Family members demand answers as Kanesatake seniors' home prolongs closure
Published Friday, September 25, 2020 5:33PM EDT Last Updated Saturday, September 26, 2020 7:27AM EDT
Clifton Nicholas and his mom Janet are in an especially trying situation / Courtesy of Clifton Nicholas
KANESATAKE -- For the past three years, Clifton Nicholas has made it a priority to visit his mother Janet at the Kanesatake Riverside Elder’s Home as often as he could.
They are in a race against time and Nicholas simply doesn’t know how much of it he has left with his mother. The 82-year-old first-lnguage Kanien’keha speaker sufferes from Alzheimer’s, and Nicholas has witnessed her mental health deteriorating.
Although this is something he hasn’t been able to keep track of in-person for the past seven months.
The Riverside Elder’s home has had its doors closed to all visitors since the first week of March, following the COVID-19 guidelines provided by the Emergency Response Unit (ERU) and Health Centre. And according to a variety of sources who spoke with The Eastern Door, communication was also shut off.
“Every time I try to find answers as to what’s happening, often my calls are being left unanswered,” said Nicholas, who hasn’t been allowed to see his mother since the beginning of the pandemic.
The owner of the Green Devil cannabis dispensary said he is not looking to put anyone at risk by asking to open the doors for visitors, actually, quite the contrary. Nicholas even believed the initiative to shut the facility to the public was a great one. But now, after seeing diverse plans from all over the world, allowing family members to safely visit their loved ones, Nicholas found the situation unsettling.
“Little has been done where visits under safety measures would be allowed,” said the business owner, who was among the people who helped write the rules to re-open the shops in the community. “I am not naive about this. Right now, you need responsible people to answer COVID questions and call back.”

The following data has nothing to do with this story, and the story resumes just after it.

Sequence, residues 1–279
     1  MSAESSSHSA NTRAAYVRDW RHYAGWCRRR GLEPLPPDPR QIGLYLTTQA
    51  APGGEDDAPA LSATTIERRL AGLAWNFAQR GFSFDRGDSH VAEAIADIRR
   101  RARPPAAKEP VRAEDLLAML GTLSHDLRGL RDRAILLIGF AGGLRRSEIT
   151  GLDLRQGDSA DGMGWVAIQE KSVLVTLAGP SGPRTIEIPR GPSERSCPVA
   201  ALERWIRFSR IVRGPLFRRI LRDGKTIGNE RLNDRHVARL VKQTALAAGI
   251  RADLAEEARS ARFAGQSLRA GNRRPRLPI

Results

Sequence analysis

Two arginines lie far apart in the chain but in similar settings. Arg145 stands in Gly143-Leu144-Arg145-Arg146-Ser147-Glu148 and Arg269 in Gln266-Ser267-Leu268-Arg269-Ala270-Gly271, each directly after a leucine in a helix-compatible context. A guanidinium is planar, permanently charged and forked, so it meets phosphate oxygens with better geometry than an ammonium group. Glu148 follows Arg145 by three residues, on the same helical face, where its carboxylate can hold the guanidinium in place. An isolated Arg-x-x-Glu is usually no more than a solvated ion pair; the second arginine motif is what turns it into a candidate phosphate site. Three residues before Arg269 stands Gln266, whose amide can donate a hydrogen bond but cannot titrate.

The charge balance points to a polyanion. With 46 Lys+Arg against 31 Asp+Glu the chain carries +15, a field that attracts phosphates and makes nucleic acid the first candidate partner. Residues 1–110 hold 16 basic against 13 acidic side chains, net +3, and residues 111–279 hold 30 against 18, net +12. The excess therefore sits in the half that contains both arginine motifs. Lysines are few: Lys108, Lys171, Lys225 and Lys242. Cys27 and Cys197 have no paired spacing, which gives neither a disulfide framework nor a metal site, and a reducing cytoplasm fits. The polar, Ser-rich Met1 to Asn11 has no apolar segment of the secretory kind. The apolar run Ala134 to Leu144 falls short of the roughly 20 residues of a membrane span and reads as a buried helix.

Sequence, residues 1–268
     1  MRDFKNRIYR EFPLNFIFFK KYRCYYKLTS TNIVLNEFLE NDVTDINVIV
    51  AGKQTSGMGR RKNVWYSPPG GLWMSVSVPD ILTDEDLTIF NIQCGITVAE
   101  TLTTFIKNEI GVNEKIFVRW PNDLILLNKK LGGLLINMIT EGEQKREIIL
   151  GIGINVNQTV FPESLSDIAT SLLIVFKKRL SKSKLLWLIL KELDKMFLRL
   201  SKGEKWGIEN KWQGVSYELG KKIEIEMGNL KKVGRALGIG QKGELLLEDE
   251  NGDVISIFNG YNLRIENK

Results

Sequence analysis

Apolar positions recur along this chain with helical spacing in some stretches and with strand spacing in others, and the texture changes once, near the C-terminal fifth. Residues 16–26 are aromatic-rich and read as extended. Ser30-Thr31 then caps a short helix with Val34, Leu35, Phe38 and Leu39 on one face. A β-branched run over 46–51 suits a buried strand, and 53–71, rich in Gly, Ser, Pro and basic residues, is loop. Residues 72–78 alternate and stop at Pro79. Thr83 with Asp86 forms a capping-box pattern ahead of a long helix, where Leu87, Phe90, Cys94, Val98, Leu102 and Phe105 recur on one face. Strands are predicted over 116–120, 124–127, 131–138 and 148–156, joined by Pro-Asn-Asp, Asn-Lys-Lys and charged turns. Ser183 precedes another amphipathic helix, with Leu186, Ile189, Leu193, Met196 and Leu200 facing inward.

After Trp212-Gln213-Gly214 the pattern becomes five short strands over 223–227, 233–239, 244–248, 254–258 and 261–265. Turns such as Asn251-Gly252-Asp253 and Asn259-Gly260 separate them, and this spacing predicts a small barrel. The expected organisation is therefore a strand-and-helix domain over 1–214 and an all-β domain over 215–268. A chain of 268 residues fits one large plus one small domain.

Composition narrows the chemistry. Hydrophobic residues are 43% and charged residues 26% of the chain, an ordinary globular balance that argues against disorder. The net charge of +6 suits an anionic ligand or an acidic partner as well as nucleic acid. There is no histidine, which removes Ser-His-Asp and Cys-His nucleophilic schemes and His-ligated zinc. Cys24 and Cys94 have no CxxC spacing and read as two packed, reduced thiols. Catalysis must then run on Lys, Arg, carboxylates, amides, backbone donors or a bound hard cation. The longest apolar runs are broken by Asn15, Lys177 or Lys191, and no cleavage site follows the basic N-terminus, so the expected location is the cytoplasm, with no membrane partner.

As Nicholas demanded answers, he also expressed gratitude towards the working staff.
Riverside Elder’s Home has currently a team close to 20 people, including nurses, kitchen staff and janitors, who are taking care of 11 residents, aged between 80 and 90. They provide medical support along with bathing, feeding and laundry services.
“The staff is not the problem,” said Nicholas. “The issue is access to my mom and information. Being able to sit with her and have a meal.”
While measures in Quebec changed for elderly residencies across the province as of May 11, no change was made to allow Riverside residents to see their families. The latest public update was issued on April 28, through a video posted on social media addressing the safety protocol implemented.
No announcement was made whether or not a plan was being worked out for visits since then.
Nicholas was not the only one complaining about the lack of communication. As The Eastern Door reached out to the elder’s home, a staff member, who asked to remain anonymous, confessed that ongoing poor management has put Riverside in a precarious situation.
Jane went through a burnout this summer over the current lack of leadership at her job. She said she’s frustrated by the communication, which simply doesn’t exist with her superiors from the ERU and Health Centre.